There are number of people out there telling you how to pay
off your debt. In short finances are a very individual thing.
While there are few guidelines you should follow, remember that
not everything works for everyone. You have to take a look at
your personal spending habits and reasons before you are able
to make a debt repayment plan
that works for you.
For majority of people, it takes a combination of different methods to find a formula for success. Getting out of debt is a wonderful objective, but you have to work hard to accomplish it. Large chunk of people are in a rush to get out of debt. And believe me desperation leads to mistakes. More often than not these mistakes can just end up costing you more in the long run.
In theory, there are a few methods that you should avoid. While they work for some people, most people are only at an increased financial risk by trying them out.
Thats why many experts will tell you to go ahead and take out a home equity
line of credit or loan to pay off your credit card debt. This
holds true especially if they are trying to get you to borrow
the money from them!
Credit card debt can be termed as unsecured debt. Because of this simple reason the interest rates are so high. Furthermore there are no assets that can be taken if you fail to pay what you owe. Fact remained that they can't take your car, your home or your belongings. Things won't be repossessed -- like in the movies.
A mortgage, equity loan or line of credit can be defined as a secured debt. In case if you don't pay it, you will lose your home. On the other hand if you lose your job, divorce, become ill or have a death in the family, you can lose your home. With the credit cards, you will still have a place to live in.
It is quite important that you should also avoid using a 401(k) loan to pay off your credit card debt. I know that all you want to do is get out of debt but think before you act.
Theoretically speaking there are severe tax consequences that come along with
using your 401(k) before it is time. In addition your contributions
to your 401(k) are not taxed when you make them. Therefore when
you pay back your 401(k) loan, you are using after-tax money.
I know that you are normally paying yourself back with interest,
but you are still losing money.
According to experts when you take the money out for retirement, you will absolutely be taxed for it again. As it was taxed when it when in, you are being taxed once. It cannot be termed as a great financial move.
Thats why if you get into money trouble (which you are having after all) and can't pay it back and take a withdrawal -- oh, you lose out big time.
Due to all this don't use your home or your retirement as a way to bail yourself out of debt. It is advisable that you think before you choose a way to eliminate your debt. Remember that the tried and true is always your best bet. Frame a budget, spend less, pay more on your debt, negotiate with your lenders and work hard.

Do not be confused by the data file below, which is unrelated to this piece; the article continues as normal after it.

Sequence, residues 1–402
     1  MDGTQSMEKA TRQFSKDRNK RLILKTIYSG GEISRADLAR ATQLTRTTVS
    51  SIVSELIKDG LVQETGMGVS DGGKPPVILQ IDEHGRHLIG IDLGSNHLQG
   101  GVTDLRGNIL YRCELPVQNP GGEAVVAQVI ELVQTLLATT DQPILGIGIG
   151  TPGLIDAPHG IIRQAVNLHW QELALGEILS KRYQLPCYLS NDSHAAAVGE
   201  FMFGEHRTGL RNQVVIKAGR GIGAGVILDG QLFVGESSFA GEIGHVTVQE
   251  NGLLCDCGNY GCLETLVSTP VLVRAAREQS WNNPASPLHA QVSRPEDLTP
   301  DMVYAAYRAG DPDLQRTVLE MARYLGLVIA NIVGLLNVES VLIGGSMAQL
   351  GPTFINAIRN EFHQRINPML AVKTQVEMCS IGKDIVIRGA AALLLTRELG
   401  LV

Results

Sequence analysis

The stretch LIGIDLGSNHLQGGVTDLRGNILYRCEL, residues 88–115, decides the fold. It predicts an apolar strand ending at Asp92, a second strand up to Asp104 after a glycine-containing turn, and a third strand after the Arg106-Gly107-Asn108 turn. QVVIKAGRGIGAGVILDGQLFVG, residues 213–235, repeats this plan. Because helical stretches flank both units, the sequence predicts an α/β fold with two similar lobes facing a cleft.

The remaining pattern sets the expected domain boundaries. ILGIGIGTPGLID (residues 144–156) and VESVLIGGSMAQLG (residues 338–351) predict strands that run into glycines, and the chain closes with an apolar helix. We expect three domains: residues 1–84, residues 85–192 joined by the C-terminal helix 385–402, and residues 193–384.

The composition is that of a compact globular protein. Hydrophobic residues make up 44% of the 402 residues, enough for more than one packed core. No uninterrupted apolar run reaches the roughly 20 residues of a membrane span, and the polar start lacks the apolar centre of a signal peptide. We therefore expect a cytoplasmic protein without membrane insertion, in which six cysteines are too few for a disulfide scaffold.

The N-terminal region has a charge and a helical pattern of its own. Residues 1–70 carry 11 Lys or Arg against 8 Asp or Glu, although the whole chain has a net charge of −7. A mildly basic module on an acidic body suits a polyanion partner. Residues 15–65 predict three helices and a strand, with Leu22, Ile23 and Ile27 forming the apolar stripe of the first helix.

It is of paramount importance to develop a reasonable repayment plan if you ever intend to pay off your outstanding debt. Majority of people do not even want to think about the repayment plan, because it involves looking at income and balances owed and establishing a budget to live within, none of which is very fun. Though, the repayment plan can give you a sense of ownership over your debt, empowering you to take the steps necessary to get yourself out from under your debt. In simple terms, the repayment plan is both the light at the end of the tunnel and the train taking you through to that light.
Why have a repayment plan:
Majority of people do not want to think about the extent of their debt or the nature of their repayment plan. They just figure that they will pay what they can each month and then the debt will eventually be paid off. Though, without a repayment plan, the debt never seems to go away. Believe me this can be overwhelming and discouraging, leading to increased debt, rather than reduced problems. There is no denying that a repayment plan will make the debt more organized, easier to control and less of a strain on the emotional resources of the person who owes the money. This sense of empowerment is the main reason that a repayment plan helps those who take the steps necessary to paying back debt.
Starting the repayment plan:
The toughest part of the repayment plan is the starting of it. Collecting up the will and energy to begin the repayment plan can be difficult. Though, once you have made the commitment to start the repayment plan, you are well on your way to ridding yourself of your debt.
In order to start the repayment plan, you certainly required to do some research
into your own personal credit history. The initial step in the
repayment plan is to contact each of the three credit reporting
agencies and to obtain a free credit report from each of them.
You will go over this credit report, minimizing any errors with
the agencies, at the beginning of your repayment plan. The credit
report will clearly depict how much money you owe to each lender.
You will then have to contact each lender and verify the amount
owed as well as the interest rate on the loan. In addition you
should also find out your credit limit on each of your credit
cards. The main key to the repayment plan is organization of
all of this information.
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